Locals say BPCA’s South End Ave. push ‘borders on the criminal’

Photo by Alex Ellefson Battery Pointe board president Pat Smith said the Battery Park City Authority's roll out of the South End Avenue proposal "borders on the criminal."
Photo by Alex Ellefson
Battery Pointe board president Pat Smith said the Battery Park City Authority’s roll out of the South End Avenue proposal “borders on the criminal.”


Community Board 1 members tore into the Battery Park City Authority Tuesday, accusing it of disregarding the board’s work on a 2013 South End Ave. traffic safety plan in order to advance a more costly and ambitious overhaul of the neighborhood’s main thoroughfare this summer.

“This took years of planning. The entire community was involved,” said Tom Goodkind, a member of the CB1’s Battery Park City Committee at its Sept. 6 meeting. “And what we are doing now is scrapping the whole darn thing and saying: ‘Oh, let’s have the authority do it all over again.’ It just seems very, very wasteful.”

On Tuesday, the committee hosted a well-attended presentation of the board’s proposals to improve pedestrian safety and traffic flow on South End Ave. that it created in partnership with the Department of Transportation back in 2013 — three years before the BPCA launched its initiative to remake the development’s main street.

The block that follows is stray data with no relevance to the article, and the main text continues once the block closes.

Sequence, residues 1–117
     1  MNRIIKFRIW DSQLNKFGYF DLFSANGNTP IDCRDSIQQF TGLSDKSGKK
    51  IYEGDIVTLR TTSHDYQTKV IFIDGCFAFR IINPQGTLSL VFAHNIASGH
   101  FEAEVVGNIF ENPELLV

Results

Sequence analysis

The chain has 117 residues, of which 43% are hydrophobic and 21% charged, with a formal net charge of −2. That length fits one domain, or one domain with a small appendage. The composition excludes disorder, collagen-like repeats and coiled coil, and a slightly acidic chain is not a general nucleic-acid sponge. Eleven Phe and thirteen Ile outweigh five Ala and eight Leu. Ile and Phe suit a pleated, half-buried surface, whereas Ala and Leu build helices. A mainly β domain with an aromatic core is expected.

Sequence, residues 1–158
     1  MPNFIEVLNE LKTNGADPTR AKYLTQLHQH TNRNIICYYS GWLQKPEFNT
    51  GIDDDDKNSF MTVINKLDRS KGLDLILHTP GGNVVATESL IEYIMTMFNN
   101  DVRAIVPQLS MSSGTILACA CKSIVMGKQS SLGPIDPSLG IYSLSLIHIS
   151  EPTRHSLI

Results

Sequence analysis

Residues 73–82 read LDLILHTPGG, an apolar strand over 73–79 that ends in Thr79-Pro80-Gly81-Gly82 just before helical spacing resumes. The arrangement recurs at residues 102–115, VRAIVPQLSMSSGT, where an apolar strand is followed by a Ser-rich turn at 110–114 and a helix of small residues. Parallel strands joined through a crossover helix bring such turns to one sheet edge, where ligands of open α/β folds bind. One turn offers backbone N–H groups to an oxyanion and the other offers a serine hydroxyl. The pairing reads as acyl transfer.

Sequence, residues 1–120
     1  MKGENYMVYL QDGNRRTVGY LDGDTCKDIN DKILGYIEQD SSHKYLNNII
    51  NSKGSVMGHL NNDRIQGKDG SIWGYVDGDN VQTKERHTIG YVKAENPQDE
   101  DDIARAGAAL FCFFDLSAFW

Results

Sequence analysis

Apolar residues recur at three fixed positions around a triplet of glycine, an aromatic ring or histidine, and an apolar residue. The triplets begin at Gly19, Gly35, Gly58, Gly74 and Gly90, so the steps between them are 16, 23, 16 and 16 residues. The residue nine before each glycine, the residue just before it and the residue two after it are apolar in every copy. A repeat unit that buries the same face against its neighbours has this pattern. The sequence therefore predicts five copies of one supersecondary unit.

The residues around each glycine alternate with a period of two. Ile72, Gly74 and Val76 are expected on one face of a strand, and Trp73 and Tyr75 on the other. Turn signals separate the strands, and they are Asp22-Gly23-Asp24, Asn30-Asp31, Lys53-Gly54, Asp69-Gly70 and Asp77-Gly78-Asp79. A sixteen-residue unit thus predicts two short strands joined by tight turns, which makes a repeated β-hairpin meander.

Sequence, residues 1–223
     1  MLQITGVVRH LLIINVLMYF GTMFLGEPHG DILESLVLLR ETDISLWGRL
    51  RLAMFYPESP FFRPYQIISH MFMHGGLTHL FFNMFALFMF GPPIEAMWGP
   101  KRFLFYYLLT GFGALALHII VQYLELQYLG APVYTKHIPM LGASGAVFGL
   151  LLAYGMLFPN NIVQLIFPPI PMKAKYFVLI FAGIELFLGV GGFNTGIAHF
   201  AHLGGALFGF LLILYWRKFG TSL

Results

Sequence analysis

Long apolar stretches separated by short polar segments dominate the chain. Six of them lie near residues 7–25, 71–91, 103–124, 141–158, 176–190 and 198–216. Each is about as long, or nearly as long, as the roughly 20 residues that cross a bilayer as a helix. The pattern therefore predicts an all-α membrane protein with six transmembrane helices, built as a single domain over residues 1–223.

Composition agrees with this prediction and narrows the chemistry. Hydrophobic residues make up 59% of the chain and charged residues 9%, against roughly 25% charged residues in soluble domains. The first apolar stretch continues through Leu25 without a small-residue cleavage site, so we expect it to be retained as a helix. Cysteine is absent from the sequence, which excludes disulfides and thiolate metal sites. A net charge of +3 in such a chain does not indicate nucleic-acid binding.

Board member Tammy Meltzer said the board started working with the DOT back then at the community’s behest after 14 crashes occurred in the area between 2007 and 2011.

“There had been several accidents along South End Avenue and we were trying to be on the proactive side and see what DOT could come up with,” she said.

Meltzer said the DOT, after receiving further recommendations from the board, was prepared to move forward on the project — and in 2014 did implement some of the changes deemed necessary for traffic safety, such as new crosswalks, stop signs, and a pedestrian island at W. Thames St.

But the rest of the proposals — such as adding pedestrian islands and building out the sidewalk at the Liberty St. to slow traffic — stalled, she said, because the BPCA wouldn’t cooperate.

Committee chairwoman Ninfa Segarra said board members wanted to ensure that residents had a “historical perspective” about traffic safety issues and the planning that has already been done before the BPCA moves forward on new the plans for South End Ave. the authority floated over the summer.

Speakers at Tuesday’s meeting — attended by dozens of residents as well as local Assembly candidates Gigi Li and Yuh-Line Niou — pilloried the BPCA’s proposal as unnecessary and expensive. They particularly faulted the survey the authority’s proposals were based on, which the consulting group Stantec was awarded a $272,000 contract in part to conduct, complaining that its small sample size and poorly framed questions could have yielded unreliable or misleading results on questions with very high stakes for the community.

“We have a $272,000 study that leads us into, if we adopt any of these measures, a multimillion dollar expenditure. It’s going to disrupt the whole community,” said Battery Pointe board president Pat Smith. “The arrogance and the ignorance behind this borders on the criminal.”

Photo by Franz Lino The BPCA’s plans for South End Ave. could include converting its pedestrian arcades to retail space, which has residents crying foul.
Photo by Franz Lino